Forgiving Again and Again: Christian Universalism in Anne Brontë’s Masterpiece

Anne Brontë, perhaps the least well-known of the three literary Brontë sisters, only published two novels in her short lifetime—she died not long after her 29th birthday—but both of her books were powerful stories of women struggling against difficult circumstances while holding fast to a belief in a benevolent and wise Creator. Anne’s second book, “The Tenant of Wildfell Hall,” is particularly effective in the way it portrays a woman struggling in her marriage with a selfish, fickle, unfaithful, gambling-obsessed, boozehound of a husband. It is also a novel with a strong presentation of Christian universalist principles.

Helen, the principal character of the story—after years of acting graciously and trying to patiently curb the proclivities of her husband, Arthur Huntingdon—finally escapes with their young son. Arthur had been giving the boy alcohol, encouraging him to swear and disregard his mother—among other things that made him a clearly unfit father. The mother and son pair escape to a remote town to live under pseudonyms in Wildfell Hall (hence the book’s title), where Helen meets a man named Gilbert and eventually falls in love. However, since she is still legally married to her playboy husband (who wouldn’t grant her a divorce), she feels she cannot pursue a romantic relationship with Gilbert.

Eventually Arthur becomes deathly ill, effectively drinking himself to the brink of death, and Helen returns to her husband to care for his health. While looking after him, Arthur repeatedly expresses his fear of what awaits him beyond the grave. Helen encourages him to repent but does not base her exhortations on a foundation of everlasting torment as a possibility for sinners. She says to her ailing husband that he should repent not simply out of a fear of personal consequences but out of a conviction that he has gone against the God who made him, loves him, and cares for him. She states, “God is Infinite Wisdom, and Power, and Goodness—and LOVE; but if this idea is too vast for your human faculties—if your mind loses itself in its overwhelming infinitude, fix it on Him who condescended to take our nature upon Him, who was raised to heaven even in His glorified human body, in whom the fulness of the Godhead shines.”

However, despite weeks of effort on Helen’s part, Arthur dies—suffering physical pain and dreadfully fearing what lies ahead. Helen writes in a letter to her brother:

“None can imagine the miseries, bodily and mental, of that death-bed! How could I endure to think that that poor trembling soul was hurried away to everlasting torment? it would drive me mad. But, thank God, I have hope—not only from a vague dependence on the possibility that penitence and pardon might have reached him at the last, but from the blessed confidence that, through whatever purging fires the erring spirit may be doomed to pass—whatever fate awaits it—still it is not lost, and God, who hateth nothing that He hath made, will bless it in the end!”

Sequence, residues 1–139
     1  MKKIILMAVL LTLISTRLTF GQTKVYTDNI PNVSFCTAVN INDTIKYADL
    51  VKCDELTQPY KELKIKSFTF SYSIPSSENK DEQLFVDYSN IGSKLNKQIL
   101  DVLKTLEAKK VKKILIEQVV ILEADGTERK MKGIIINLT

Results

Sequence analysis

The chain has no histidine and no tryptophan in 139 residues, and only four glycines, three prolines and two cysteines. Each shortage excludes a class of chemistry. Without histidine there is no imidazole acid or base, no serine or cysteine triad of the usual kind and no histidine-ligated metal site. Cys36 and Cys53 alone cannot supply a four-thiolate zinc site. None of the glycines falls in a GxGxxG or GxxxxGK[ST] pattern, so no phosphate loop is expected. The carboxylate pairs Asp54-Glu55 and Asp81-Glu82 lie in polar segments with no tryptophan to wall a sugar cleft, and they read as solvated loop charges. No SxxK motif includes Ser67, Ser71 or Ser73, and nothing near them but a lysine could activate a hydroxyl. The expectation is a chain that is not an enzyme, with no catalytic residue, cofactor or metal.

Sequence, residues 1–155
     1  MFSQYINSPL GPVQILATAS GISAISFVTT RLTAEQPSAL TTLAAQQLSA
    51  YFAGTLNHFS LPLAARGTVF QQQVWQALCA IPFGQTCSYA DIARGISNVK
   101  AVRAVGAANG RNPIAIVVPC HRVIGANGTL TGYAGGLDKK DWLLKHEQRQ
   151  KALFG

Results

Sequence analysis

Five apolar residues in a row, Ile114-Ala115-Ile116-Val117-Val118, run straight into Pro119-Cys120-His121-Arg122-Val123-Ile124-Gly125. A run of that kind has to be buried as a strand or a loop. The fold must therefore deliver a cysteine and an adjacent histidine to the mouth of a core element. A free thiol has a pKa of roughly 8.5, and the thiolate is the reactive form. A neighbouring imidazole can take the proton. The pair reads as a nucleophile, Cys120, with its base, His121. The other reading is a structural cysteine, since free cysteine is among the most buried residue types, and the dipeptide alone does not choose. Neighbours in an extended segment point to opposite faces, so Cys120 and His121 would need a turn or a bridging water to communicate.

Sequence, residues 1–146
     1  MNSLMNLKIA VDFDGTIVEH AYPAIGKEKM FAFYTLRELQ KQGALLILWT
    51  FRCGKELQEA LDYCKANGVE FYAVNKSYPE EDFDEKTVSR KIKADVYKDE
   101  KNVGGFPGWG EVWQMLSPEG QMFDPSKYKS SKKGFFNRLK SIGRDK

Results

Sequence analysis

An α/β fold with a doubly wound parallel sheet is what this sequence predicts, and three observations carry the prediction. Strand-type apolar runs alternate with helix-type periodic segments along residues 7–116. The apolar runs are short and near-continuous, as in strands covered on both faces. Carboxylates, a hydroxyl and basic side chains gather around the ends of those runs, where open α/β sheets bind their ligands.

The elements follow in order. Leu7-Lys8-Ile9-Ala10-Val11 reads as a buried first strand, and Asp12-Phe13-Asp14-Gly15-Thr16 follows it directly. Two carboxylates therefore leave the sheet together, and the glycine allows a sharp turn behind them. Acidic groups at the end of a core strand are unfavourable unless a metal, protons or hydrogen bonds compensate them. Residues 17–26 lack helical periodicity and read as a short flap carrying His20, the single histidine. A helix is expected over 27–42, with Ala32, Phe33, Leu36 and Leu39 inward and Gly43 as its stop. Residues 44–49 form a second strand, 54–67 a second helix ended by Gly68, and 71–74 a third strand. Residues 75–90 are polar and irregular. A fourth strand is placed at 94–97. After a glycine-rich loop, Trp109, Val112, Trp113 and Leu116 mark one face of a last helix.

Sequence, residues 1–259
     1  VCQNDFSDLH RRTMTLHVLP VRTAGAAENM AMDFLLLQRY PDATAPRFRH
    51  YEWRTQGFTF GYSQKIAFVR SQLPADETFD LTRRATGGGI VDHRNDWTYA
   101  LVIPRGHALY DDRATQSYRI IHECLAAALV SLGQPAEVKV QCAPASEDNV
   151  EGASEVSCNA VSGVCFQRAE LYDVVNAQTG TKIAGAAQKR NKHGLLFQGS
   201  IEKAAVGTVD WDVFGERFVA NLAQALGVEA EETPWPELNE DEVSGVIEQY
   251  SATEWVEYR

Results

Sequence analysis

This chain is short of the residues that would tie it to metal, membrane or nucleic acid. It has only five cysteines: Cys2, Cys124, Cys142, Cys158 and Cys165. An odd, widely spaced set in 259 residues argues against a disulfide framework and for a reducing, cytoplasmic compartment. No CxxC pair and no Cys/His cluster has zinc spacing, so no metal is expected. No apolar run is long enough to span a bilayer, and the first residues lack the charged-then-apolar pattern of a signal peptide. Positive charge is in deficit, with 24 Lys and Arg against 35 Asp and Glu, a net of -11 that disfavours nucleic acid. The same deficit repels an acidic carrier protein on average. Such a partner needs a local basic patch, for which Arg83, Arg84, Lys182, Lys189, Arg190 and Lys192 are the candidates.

Helen, the long-suffering wife, had tried to influence her husband for good in so many different ways and at so many different times. Sadly, she did not see consistent positive results following from her efforts before he died—as is often true in the real world and can lead many to doubt the transformative power of grace and love—but she still trusted in the ever-patient God who would not abandon Arthur beyond the grave. She held fast to the God, revealed in Jesus, who would “have all men to be saved.” The character of Helen believed this because Anne Brontë believed this.

Novelist P.D. James said that “all fiction is largely autobiographical” and that is certainly the case in “The Tenant of Wildfell Hall.” Although Anne Brontë was never married, neither happily—as her characters Helen and Gilbert are by the conclusion of the novel—nor tumultuously—as Helen originally was to a debaucherous and self-absorbed gambler—there are some clear similarities between Anne’s life and the fictional story she created. Her brother Branwell displayed a number of characteristics reminiscent of Arthur Huntingdon. Branwell had had a lengthy affair with a married woman, had abused alcohol and opiates, was often in serious debt, and died at the age of 31—just a few months after the publication of his youngest sister’s second novel. While Anne was almost certainly saddened by much in the life of her brother (she did seem to be, after all, the most pious of the Brontë siblings), she undoubtedly had a deep hope that she would see him again in paradise.

As the character of Helen says in reference to her belief in universal salvation: “It is a glorious thought to cherish in one’s own heart, and I would not part with it for all the world can give!”

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